The Schøyen Collection holds manuscripts from around the world spanning 5000 years of human culture and civilisation. Many are medieval.
The Schøyen Collection crosses borders and unites cultures, religions and unique materials found nowhere else. The Collection, based in London and Oslo, contains over 20,000 significant manuscripts of major cultural importance and is an important part of the world’s heritage.
There is no public collection that has the Schøyen Collection’s unique array of manuscripts from all the greatest manuscript hoards, including the Dead Sea Scrolls, The Cairo Genizah of Hebrew MSS, The Oxyrhynchus hoard of classical papyri, the Dishna Biblical papyri, The Nag Hammadi Gnostic papyri, the Dunhuang hoard of Buddhist MSS, and many others. Nor is there one with such a variety, geographically, linguistically and textually, and of scripts and writing materials, covering so a great span of time — 5,000 years of history.
The Schøyen Collection was started around 1920 by Engineer M.O. Schøyen (1896-1962), father of Martin Schøyen, who collected some 1000 volumes of early and later editions of Norwegian and international literature, history, travel, science, as well as antiquities.
Martin Schøyen first extended the collection with ancient coins, antiquities, early printed books and incunables. From that beginning, he went on to acquire important manuscripts that can now be found across the themes and categories presented on this website.
The latest additions to the Schoyen Collection have included movie scripts and storyboards, and examples of modern classical virtual notation in the Music collection.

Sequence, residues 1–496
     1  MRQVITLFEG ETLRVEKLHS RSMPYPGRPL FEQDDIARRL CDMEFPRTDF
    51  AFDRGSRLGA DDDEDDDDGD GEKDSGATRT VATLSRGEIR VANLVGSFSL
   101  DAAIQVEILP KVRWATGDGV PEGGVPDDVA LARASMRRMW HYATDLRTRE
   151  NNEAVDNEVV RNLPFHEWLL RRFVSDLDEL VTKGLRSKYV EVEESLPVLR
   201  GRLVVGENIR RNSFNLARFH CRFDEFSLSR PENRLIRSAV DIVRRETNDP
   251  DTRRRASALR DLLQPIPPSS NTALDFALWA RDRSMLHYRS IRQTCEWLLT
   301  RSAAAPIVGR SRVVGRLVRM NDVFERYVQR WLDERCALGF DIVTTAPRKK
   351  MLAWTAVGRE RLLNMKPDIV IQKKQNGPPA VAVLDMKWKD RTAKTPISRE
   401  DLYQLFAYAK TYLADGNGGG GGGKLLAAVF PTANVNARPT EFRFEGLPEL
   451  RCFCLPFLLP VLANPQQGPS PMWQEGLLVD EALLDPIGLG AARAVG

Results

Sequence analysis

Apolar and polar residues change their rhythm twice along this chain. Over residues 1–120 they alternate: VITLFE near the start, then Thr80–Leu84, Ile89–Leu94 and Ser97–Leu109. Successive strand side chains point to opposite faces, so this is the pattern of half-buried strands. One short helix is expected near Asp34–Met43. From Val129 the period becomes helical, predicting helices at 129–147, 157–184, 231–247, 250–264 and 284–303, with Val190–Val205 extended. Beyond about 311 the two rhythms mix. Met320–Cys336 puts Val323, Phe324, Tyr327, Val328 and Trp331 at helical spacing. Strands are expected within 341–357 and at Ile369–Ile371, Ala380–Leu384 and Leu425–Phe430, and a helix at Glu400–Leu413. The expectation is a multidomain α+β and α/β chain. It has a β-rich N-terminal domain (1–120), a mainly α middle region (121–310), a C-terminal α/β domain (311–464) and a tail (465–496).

The Middle Ages
The The Schøyen Collection holds 57 manuscripts, fragments, seals and books with a medieval bearing. Especially interesting are a Greek manuscript from the 10th century containing the Gospels (MS 675), also known as the Charles of Anjou Gospel and a number of curious calendars, among which may be found an Ivory Bookform Calendar with weekdays, golden numbers, Tabula Signorum, solar circle and feast days. The “book” from AD 1500 is made of 9 plates of ivory with writings in Runes as well as the Latin alphabet.
Ivory Bookform Calendar from c. 1500, MS 1577. The manuscript which is made of ivory is from Sweden, ca. 1500. It measures 6×12 cm and holds 9 plates, single column, (6×11 cm), 4-6 lines in Runes of the younger Futhark, some saints’ names added later in French in capitals, 1 solar circle drawn like a ropework spiked wheel with solar numbers in runes, another drawn like a spiked wheel with solar numbers in Gothic book script of medium to low grade and quality, 32 feast day symbols indicated with symbols, runes, crosses and fishes in black and red, 80 drawings of saints in black and red have been copied after a Flemish book of hours, use of Brughes. Calendars in bookform made on ivory are of the utmost rarity. This is probably the most extensively illustrated example extant, and the only specimen in private hands.